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Girl, Interrupted | Study Guide

Susanna Kaysen

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Girl, Interrupted | My Suicide | Summary



Contemplating her own suicide attempt with an overdose of aspirin, Susanna describes the preparation necessary to kill oneself. Organization, means, opportunity, and motive are as relevant to suicide as they are to premeditated murder, or any other successful endeavor. The most important element, Susanna says, is detachment: the ability to imagine yourself in the process of dying. She claims that her own motives were weak—she didn't want to write a paper and felt exhausted with existential questions that began to pervade every aspect of her life. In fact, she called her boyfriend to warn him. Full of regret, she passes out over the meat counter in a grocery store, her last image being the tightly wrapped bloody meat. The police find her and take her to the hospital, where the doctors pump her stomach. Waking up, Susanna is glad to be alive; makes a few changes. She works harder in school and engages in a relationship with her English teacher. This convinces her she was successful in silencing the part of her that constantly wondered whether life is worth living. In retrospect, she realizes this was just a temporary reprieve.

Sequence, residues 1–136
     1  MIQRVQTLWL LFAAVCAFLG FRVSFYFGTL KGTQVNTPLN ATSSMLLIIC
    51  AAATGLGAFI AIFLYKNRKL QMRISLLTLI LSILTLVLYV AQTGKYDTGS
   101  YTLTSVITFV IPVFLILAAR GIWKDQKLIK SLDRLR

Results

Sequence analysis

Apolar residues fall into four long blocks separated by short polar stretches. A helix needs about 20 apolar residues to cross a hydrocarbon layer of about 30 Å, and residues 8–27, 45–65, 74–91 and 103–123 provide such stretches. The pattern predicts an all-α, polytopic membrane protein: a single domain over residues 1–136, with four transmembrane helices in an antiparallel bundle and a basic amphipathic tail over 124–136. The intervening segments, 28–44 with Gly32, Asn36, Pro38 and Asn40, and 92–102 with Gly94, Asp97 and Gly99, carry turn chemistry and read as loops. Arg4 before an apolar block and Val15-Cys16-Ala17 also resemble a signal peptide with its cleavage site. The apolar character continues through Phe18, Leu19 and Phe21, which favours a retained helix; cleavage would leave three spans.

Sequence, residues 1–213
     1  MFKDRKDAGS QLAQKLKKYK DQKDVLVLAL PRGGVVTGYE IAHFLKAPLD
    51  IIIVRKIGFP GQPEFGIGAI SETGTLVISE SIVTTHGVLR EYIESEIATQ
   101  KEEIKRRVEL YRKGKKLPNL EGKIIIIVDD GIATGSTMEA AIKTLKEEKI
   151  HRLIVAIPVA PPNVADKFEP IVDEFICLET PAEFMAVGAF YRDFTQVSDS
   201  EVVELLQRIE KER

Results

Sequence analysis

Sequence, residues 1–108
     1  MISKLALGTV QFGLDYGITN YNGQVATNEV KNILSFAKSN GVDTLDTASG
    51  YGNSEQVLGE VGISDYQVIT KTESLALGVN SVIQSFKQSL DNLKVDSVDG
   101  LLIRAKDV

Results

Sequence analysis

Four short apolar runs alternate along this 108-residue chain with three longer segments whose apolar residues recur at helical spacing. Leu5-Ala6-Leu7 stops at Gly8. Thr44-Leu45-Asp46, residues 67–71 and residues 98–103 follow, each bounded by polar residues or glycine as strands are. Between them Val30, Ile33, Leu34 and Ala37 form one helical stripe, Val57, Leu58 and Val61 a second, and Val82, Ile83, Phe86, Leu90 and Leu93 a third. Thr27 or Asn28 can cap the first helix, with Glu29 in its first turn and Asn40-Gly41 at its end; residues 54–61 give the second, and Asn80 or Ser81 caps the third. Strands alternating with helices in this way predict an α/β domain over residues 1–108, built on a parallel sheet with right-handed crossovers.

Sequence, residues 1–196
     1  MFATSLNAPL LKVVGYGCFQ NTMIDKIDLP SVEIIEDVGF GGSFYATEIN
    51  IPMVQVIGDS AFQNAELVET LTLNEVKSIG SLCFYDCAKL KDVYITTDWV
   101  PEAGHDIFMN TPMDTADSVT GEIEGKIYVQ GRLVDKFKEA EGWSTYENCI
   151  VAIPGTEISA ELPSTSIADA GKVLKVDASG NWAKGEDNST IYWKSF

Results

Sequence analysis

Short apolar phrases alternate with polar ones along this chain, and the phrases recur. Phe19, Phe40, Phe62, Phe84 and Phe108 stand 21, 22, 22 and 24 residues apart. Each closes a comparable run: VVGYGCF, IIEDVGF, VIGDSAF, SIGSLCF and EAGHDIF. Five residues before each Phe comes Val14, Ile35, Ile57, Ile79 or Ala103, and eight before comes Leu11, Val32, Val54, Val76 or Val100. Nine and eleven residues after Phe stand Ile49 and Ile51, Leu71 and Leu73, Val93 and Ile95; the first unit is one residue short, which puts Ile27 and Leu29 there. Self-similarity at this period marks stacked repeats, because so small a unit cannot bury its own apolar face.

Unlike Daisy's suicide, Susanna's suicide attempt was not successful, and unlike Polly's, it left no visible scars. While Susanna does not openly compare her own suicide attempt with theirs, it is hard not to wonder whether this contrast means that her attempt was less serious. Was it just a cry for help rather than a determined attempt to end her life? Susanna's analysis of the many steps that go into a successful suicide dispels the myth that suicide is a rash emotional reaction. It takes careful planning, like any other complex endeavor. Most importantly, it takes the ability to look at yourself from the outside, watching yourself in the moment of death.

A sense of detachment from life and relationships is a symptom of any number of mental disorders. It is also a part of Susanna's own diagnosis. In a case of dramatic irony, detachment and isolation from the world outside is also prescribed as a cure, and detachment from the endless tedium of life inside is a way for the girls to cope.

Susanna reveals that she was gripped by regret after her suicide attempt, admitting that she didn't really want to die. Instead, she wanted to get rid of the parts of herself she didn't like—the endless questions about whether life is worth living. At first she is happy to have survived, but she soon realizes that making superficial changes—working harder in school and changing boyfriends—is not the same as changing on the inside. She feels kinship with the bloody meat wrapped tightly in the meat counter—she's a young woman, emotionally raw and vulnerable, trapped in the confines of social expectations.

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